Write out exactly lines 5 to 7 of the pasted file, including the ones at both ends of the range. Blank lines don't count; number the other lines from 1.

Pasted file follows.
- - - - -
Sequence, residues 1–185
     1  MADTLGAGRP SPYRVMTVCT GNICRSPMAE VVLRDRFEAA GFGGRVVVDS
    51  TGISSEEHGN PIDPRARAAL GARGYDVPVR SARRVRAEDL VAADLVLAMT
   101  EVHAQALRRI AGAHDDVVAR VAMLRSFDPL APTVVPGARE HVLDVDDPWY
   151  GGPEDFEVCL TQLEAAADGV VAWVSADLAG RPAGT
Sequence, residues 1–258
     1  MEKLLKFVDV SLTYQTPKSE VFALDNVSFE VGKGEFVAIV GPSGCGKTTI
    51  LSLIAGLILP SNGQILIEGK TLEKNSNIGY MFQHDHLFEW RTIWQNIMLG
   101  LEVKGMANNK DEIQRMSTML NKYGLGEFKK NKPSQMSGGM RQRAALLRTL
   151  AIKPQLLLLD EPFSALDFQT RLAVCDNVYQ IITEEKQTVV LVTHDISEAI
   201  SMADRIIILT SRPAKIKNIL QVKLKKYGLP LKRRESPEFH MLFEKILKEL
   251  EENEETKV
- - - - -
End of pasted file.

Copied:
   151  GGPEDFEVCL TQLEAAADGV VAWVSADLAG RPAGT
Sequence, residues 1–258
     1  MEKLLKFVDV SLTYQTPKSE VFALDNVSFE VGKGEFVAIV GPSGCGKTTI